What the hell is going on in New Orleans

Former Pelican J.J. Redick calls out Zion Williamson

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Is Zion Williamson really the franchise in New Orleans?
Is Zion Williamson really the franchise in New Orleans?
Image: Getty Images

When he came into the NBA as a generational talent in 2019, Zion Williamson was thought to be New Orleans’ basketball savior, the player to make The Big Easy one of the marquee stops in the league’s rotation. Now, continued talk about his investment in the Pelicans has hit a climax, with possibly the harshest criticism on the topic coming Tuesday from former teammate and current ESPN analyst JJ Redick.

This morning, Redick ripped his fellow Duke alumnus for not speaking with his new teammate CJ McCollum, who was traded from the Trail Blazers to New Orleans on Feb. 8. Redick went as far to call Williamson a “detached teammate.” On Tuesday, ESPN’s Malika Andrews reported that since McCollum’s remarks on TNT during All-Star Weekend, the two have indeed talked. 

“This is a little bit insane to me,” Redick said on First Take of Zion. “There’s a general sort of decorum of behavior that you should apply as a teammate. Look, I wasn’t the best player on any team I was on. But if there was a buyout possibility, if there was a trade possibility, I would always reach out to teammates. I called Ersan Ilyasova. I called Marco (Belinelli). I called Wes Matthews, trying to get him to come to Philly. This just shows a complete lack of investment in your team, in the organization, in the city.

“I get that he’s hurt and away from the team. But you just traded for one of the 50 best players in the league, a guy that’s supposed to be paired with you. Reach out and say hello. This is a pattern of behavior with Zion, that we are seeing again and again … This is basic, basic level of humanity, being a teammate. Send a text to a guy when he gets traded to your team. That is just normal behavior. That’s the bar minimum that you have to do. And the Pelicans yesterday sent out an email for season tickets for next year. Guess who wasn’t in the email? Zion! What the heck is going on in New Orleans?”


Redick spent the 2019-21 seasons as Williamson’s teammate and admitted to previously addressing these concerns to the former No. 1 overall draft pick in front of the team. Williamson has missed all of the current season with a foot injury. He originally was expected back around this time, but will be out again long-term after needing a second surgery. McCollum’s remarks, made to TNT during All-Star Weekend, have only reignited rumors about Williamson’s discontent in New Orleans and the possibility of demanding a trade to another team.

Williamson has only played in 85 career games for New Orleans, barely more than a regular NBA season. His pro potential has been showcased when healthy, averaging 25.7 points for the Pelicans throughout his short career. His 2020-21 season, where he played in 64 games, saw him improve his scoring touch with 27 points per game as well as 7.2 rebounds per game. All that production and he waited nearly two weeks to call a new teammate who should help him be productive moving forward?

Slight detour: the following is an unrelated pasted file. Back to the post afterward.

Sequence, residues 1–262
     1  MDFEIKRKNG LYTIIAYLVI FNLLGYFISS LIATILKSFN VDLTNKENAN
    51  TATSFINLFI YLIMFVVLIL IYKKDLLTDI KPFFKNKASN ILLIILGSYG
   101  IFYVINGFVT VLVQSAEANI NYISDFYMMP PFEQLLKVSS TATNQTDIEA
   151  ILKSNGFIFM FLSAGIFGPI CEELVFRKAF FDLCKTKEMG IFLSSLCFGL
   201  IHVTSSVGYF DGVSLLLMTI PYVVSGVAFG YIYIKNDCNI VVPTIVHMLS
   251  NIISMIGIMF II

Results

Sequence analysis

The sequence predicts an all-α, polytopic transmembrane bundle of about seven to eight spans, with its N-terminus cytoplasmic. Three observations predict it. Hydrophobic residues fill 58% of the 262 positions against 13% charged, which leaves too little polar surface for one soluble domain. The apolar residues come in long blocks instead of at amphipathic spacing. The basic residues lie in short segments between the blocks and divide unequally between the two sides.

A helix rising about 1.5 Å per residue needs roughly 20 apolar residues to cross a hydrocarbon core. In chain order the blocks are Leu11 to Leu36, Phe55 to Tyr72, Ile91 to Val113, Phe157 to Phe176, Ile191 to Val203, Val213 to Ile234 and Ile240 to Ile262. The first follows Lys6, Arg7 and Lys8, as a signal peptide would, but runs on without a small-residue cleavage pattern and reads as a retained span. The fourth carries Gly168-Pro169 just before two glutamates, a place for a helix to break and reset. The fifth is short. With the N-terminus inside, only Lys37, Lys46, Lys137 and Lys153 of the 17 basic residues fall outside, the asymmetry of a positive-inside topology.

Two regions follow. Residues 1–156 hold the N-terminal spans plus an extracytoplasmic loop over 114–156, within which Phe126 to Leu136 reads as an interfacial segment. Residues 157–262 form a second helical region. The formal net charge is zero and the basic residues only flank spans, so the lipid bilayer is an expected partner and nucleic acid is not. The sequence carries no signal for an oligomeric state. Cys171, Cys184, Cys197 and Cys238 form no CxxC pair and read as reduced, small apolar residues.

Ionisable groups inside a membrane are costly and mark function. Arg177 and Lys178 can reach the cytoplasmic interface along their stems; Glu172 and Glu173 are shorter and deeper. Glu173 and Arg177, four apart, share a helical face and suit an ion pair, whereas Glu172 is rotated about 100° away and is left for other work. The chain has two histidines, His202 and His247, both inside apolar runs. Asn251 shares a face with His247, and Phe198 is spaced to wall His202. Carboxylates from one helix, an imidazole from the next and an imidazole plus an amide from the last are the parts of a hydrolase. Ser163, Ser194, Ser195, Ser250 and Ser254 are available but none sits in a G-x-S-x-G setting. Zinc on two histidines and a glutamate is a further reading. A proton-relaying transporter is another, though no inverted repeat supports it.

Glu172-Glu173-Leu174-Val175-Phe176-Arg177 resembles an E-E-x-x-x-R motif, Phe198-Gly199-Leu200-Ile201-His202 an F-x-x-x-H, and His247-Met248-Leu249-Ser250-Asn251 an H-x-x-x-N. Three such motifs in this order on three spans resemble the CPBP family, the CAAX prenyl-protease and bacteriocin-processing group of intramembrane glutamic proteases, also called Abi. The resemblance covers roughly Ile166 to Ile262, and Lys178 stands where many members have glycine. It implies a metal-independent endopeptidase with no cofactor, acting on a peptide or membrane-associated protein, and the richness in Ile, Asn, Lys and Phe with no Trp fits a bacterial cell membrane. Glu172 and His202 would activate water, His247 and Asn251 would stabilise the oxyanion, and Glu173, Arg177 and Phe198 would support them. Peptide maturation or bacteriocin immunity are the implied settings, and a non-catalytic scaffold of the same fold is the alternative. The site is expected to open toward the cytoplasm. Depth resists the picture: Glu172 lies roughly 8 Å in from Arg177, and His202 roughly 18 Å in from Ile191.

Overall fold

New Orleans’ professional basketball teams have won one division title in history, in 2008, and the turnaround expected with Williamson hasn’t come to fruition yet, especially with trading Anthony Davis away to make room for the Pelicans new superstar. McCollum isn’t a frontcourt switch. He’s a complementary piece and could draw back to Williamson’s days at Duke with RJ Barrett. This duo should work. Yet there’s already adversity about how they can mesh together that will only be solved by winning, as Williamson has yet to outrun his reputation of being unhappy near Bourbon Street.

“I said ‘pattern of behavior’ earlier. And this is now another incident, another example of that pattern of behavior,” Redick continued on Tuesday. “Yes, he’s never publicly come out and said ‘I don’t want to be in New Orleans.’ But as we know … where there’s smoke, there’s fire. And you didn’t hear rumors about Giannis (Antetokounmpo) being unhappy in Milwaukee. No, you didn’t hear that. With Zion, you’ve heard that now for the last three years.


He continued:

“... This is going back to his rookie year. There’s a responsibility that you have as an athlete, when you play a team sport, to be fully invested. You’re fully invested in your body. You’re fully invested in your work and you’re fully invested in your teammates. That is your responsibility. And we have not seen that from Zion. Yes, he’s been amazing when he’s been on the court, 100 percent. He’s amazing to watch. There’s no one that can do what he does on a basketball court. There isn’t. The sheer level of force and athleticism and skill, it’s amazing, 100 percent. But as a teammate, there is a pattern of behavior. As a fully invested individual in New Orleans, there is a pattern of behavior. … New Orleans is going to have to make some sort of decision here. We’ve seen this now for three years.”